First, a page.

“Throughout March and April 2002, [Superior] contacted [FK Company] seeking information regarding asbestos content in materials supplied to [Superior] for use in its boilers. On March 21, 2002, [Superior] asked [FK Company] and/or Mark Stuerman for information concerning Plibrico Products and asbestos material [Superior] had purchased. In March 2002, [FK Company] sent an inquiry to Plibrico seeking information to answer [Superior's] inquiry. [FK Company], via defendant Mark K. Stuerman, then transmitted correspondence to [Superior], answering its inquiry. The correspondence specified the names of all products sold and provided that one product may or may not have contained some asbestos. In April 2002, [Superior] submitted another inquiry to [FK Company] asking for poundage figures on sales of products, from [FK Company] to [Superior], between 1967 and 1983. In response, [FK Company] and/or Mark Stuerman transmitted a letter to [Superior] with attachments detailing sales, from [FK Company] to [Superior], between 1967 to 1983. [In doing so, Stuerman referenced company index cards, which contained the names of customers, dates of orders, and materials ordered.] The attachments categorized sales by year and product and provided specific weights purchased by invoice, year and product. [Superior] made no further requests for information or documents, from [FK Company], until 2007.”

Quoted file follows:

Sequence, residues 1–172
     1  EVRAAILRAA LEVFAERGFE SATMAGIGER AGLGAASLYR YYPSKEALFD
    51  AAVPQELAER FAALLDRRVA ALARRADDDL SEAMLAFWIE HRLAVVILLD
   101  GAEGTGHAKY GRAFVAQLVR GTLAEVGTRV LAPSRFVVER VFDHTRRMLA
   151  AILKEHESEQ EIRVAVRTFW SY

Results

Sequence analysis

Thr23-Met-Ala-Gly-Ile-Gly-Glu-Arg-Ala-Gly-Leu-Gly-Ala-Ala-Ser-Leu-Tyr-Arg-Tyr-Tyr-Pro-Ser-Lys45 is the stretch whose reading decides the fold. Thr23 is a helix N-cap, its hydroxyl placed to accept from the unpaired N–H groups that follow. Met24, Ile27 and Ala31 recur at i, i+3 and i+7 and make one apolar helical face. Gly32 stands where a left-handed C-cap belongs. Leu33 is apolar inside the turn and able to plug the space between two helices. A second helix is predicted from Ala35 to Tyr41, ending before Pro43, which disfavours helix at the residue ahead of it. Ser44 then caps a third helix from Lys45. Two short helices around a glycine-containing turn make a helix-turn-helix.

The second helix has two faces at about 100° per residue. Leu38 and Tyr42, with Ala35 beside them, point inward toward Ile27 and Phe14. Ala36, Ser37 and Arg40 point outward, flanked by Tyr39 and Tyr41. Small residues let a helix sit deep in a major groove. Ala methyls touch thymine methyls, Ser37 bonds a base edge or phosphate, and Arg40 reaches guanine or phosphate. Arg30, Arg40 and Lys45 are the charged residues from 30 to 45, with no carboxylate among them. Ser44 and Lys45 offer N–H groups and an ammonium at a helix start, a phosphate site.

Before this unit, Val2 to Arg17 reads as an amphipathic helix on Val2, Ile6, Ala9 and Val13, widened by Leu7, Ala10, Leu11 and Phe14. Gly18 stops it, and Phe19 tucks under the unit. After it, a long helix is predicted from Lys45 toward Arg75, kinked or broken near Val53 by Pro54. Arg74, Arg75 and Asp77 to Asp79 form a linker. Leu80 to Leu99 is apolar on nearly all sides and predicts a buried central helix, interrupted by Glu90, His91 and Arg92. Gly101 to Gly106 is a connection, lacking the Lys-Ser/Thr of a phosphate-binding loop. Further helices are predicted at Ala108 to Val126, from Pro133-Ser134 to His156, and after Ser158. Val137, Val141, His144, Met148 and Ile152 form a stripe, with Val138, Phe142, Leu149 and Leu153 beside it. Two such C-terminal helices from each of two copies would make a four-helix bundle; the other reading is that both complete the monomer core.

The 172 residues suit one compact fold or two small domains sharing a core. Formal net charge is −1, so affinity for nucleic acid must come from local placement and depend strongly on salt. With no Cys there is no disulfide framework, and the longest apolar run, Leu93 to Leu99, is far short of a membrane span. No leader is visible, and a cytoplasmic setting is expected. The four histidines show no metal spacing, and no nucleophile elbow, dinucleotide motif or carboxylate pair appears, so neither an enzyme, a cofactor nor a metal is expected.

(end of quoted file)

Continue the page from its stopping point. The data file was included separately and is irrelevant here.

Five years elapsed before there was further contact between Superior and any of the Defendants regarding the records. The district court found the following uncontroverted facts relating to what transpired when contact was renewed:

“In 2007, counsel for [Superior] contacted Robert Kimball and told Kimball that [Superior] was involved in asbestos related litigation; that Kimball's company had supplied products which were used in [Superior's] boilers; and thus, [Superior] was interested in ‘looking at whatever materials Kimball had’ regarding products supplied by [FK Company] to [Superior]. In March 2007, counsel for [Superior] forwarded correspondence to counsel for Stuerman and [FK Company] ‘stating that [Superior] intended to subpoena any and all documents related to the sale of refractory products from [FK Company] to [Superior],’ including ‘all documents reviewed or referred to in preparation of the 2002 correspondence as well as all documents which concerned the sale of products from [FK Company] to [Superior].’ Kimball did not expressly agree to preserve or maintain the index cards.”